Travel between Canada and other countries, November 2017
US trips to Canada continue upward trend
Travel to Canada by US residents rose in November, up 0.4% from the previous month. It was also up 3.0% on a year-over-year basis. The 2.1 million trips in November was the highest number recorded for the month of November since 2006.
Growth was led by an increase in trips by plane. After accounting for normal seasonal variation, the number of overnight trips to Canada by plane taken by US residents rose 3.5% from October to 430,000 in November. It was also up 13.4% from November 2016.
Meanwhile, the number of car trips to Canada by US residents rose 0.5% from October to 1.4 million in November. On a 12-month basis, the number of trips was down 0.8% compared with November 2016.
Overseas travel to Canada rises in November
Travel to Canada by residents of overseas countries (countries other than the United States) rose 9.3% from October on a seasonally adjusted basis, and was up 12.1% from November 2016. For the 11 months from January to November, the number of overseas travellers was up 6.7% compared with the same period a year earlier, led by increased travel from Asia.
Travel by Canadians to the United States up from November 2016
Canadian residents took 5.6% more trips to the United States in November compared with the same month of the previous year. This increase followed three years of declining travel by Canadians to the United States in the month of November. Notably, the average November value of the Canadian dollar was up on a year-over-year basis in 2017 for the first time since 2012.
The 3.6 million trips in November did, however, represent a 0.4% decrease from the previous month.
Car trips, which account for about three of every four trips by Canadian residents to the United States, increased 5.2% compared with November 2016 and were also up slightly from October (+0.3%). Same-day car trips increased 0.8% compared with October, while overnight trips declined 0.6%.
Overnight trips by plane increased 6.5% compared with November 2016, but were down 2.3% compared with October 2017.
Eighth straight November of record travel by Canadians overseas
About 1.1 million Canadian residents returned from overseas countries in November, down 1.7% from October, but up 6.8% compared with November 2016. This marked an eighth consecutive increase in overseas travel for the month of November and was also a new record for the month.
Note to readers
Monthly data are seasonally adjusted. For information on seasonal adjustment, see Seasonally adjusted data – Frequently asked questions. Year-to-date figures are based on unadjusted data.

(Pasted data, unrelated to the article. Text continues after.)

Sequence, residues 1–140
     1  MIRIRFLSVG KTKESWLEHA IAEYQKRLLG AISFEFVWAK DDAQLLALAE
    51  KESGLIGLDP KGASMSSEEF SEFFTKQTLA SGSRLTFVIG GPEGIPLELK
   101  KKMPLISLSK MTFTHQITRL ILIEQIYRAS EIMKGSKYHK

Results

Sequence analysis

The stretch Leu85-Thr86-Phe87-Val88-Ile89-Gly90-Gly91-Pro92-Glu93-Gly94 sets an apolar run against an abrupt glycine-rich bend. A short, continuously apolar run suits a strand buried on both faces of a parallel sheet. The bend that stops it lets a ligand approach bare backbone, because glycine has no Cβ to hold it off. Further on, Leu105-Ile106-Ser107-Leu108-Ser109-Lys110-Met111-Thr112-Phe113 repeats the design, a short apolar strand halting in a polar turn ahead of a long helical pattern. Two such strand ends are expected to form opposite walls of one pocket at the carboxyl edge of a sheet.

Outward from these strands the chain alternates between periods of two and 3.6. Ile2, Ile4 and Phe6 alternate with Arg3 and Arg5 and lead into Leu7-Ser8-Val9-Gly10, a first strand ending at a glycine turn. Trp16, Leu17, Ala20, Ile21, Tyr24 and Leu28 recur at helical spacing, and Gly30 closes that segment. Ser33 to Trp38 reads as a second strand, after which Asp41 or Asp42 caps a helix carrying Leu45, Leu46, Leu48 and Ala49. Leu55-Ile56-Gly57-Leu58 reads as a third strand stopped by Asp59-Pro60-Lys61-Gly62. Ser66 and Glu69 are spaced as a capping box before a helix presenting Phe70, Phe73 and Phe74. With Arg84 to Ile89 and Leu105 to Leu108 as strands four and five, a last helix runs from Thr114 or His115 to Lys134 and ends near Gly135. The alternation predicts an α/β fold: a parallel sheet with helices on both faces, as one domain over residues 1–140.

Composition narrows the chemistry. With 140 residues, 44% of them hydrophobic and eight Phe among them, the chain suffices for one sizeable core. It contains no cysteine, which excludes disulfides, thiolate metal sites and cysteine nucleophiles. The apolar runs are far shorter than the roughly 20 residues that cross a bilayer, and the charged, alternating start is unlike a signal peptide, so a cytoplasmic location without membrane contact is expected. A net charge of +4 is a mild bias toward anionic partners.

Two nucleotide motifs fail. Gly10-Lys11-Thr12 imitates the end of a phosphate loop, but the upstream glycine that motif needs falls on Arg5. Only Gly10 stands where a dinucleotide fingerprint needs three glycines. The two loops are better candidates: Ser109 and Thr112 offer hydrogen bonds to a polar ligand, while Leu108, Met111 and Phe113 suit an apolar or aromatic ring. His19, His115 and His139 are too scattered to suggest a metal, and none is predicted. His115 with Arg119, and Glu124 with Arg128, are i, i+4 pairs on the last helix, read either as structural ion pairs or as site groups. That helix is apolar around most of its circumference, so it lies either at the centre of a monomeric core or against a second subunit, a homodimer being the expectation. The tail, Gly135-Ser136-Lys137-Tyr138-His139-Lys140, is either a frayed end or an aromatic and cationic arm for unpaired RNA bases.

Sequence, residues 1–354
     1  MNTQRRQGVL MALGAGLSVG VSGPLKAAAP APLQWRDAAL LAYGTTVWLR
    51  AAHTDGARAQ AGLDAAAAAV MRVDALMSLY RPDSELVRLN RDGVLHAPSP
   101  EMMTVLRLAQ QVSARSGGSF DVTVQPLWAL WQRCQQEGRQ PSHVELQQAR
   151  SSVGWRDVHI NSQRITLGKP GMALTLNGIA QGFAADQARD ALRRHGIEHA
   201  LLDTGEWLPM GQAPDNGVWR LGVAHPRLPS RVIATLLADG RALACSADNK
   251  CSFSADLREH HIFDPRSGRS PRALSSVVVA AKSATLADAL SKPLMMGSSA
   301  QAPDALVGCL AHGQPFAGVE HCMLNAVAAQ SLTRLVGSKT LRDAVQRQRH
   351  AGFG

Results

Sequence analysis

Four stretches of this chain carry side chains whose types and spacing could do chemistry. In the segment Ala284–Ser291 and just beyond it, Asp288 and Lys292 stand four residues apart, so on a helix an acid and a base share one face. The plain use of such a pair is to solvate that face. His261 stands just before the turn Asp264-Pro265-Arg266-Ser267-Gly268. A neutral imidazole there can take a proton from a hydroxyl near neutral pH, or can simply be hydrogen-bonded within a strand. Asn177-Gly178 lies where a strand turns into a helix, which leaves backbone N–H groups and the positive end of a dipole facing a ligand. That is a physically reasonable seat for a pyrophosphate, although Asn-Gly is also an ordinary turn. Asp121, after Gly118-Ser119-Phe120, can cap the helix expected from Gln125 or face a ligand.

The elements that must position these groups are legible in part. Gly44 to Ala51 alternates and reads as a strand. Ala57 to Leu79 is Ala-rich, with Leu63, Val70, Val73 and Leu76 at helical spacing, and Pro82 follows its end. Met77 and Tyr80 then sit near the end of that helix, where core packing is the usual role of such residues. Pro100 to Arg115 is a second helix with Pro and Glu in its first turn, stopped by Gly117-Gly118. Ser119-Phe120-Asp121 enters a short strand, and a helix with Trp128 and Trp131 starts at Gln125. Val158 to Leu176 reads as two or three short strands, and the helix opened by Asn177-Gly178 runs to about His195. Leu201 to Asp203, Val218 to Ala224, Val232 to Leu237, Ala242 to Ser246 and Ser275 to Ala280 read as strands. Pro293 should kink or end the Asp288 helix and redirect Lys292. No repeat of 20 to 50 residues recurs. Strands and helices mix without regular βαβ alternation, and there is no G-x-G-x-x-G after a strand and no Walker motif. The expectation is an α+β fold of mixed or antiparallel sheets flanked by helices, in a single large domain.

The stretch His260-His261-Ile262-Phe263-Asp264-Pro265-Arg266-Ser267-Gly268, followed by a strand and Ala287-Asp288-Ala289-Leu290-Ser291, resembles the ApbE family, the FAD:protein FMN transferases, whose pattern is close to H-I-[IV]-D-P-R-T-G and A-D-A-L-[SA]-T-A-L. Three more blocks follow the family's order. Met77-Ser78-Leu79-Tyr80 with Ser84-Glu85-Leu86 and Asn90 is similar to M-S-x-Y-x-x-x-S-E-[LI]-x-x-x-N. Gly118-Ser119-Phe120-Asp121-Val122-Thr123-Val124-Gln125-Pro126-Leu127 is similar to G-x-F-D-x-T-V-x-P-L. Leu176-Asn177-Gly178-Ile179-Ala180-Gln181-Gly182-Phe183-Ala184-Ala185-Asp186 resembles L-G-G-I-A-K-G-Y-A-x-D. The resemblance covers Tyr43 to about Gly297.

Seasonally adjusted data from August to October 2017 have been revised. No revisions were made to data that were not seasonally adjusted. No corrections were made to the previous month.
Data for Statistics Canada's Frontier Counts program are produced using administrative data received from the Canada Border Services Agency (CBSA) on all international travellers who have been cleared for entry or re-entry into Canada. This includes residents of Canada, the United States and overseas entering Canada from abroad.
In 2017, the CBSA began introducing the electronic Primary Inspection Kiosk (PIK) system at airports in Canada. The PIK system replaces the E-311 Declaration Cards that are completed by international travellers to Canada. As of the end of October, the PIK system was deployed at the following airports: Macdonald–Cartier, Ottawa (March 2017); Vancouver International Airport (April 2017); Toronto International Airport T3 (June 2017); Edmonton International Airport (September 2017); Stanfield International Airport, Halifax (October 2017); and Pierre Elliott Trudeau International Airport, Montréal (November 2017).
While awaiting receipt of PIK data, Statistics Canada has prepared preliminary estimates for airports at which PIK has been deployed. These estimates are based on CBSA reports of total international travellers by airport, while the distribution between Canadian, US and travellers from individual overseas countries are modelled estimates based on historical data and trends, using methods similar to those used to do seasonal adjustment.
Once PIK data are received, Statistics Canada will revise the preliminary estimates for these airports, as well as the provincial and national totals to which they contribute.
Overseas countries refer to countries other than the United States.
A Canadian resident traveller is a Canadian resident who has travelled outside Canada for a period of less than 12 months.
A non-resident traveller is a resident of a country other than Canada who is travelling to Canada for a period of less than 12 months.
The November 2017 issue of International Travel: Advance Information, Vol. 33, no. 11 (66-001-P) is now available.
The updated Canada and the World Statistics Hub – United States (13-609-X) is now available from the home page of our website. This new product illustrates the nature and extent of Canada's economic and financial relationship with the United States, using interactive graphs and tables. This product provides easy access to information on trade, investment, employment and travel, including merchandise trade by Canadian provinces and US states.
For more information, or to enquire about the concepts, methods or data quality of this release, contact us (toll-free 1-800-263-1136; 514-283-8300; STATCAN.infostats-infostats.STATCAN@canada.ca) or Media Relations (613-951-4636; STATCAN.mediahotline-ligneinfomedias.STATCAN@canada.ca).
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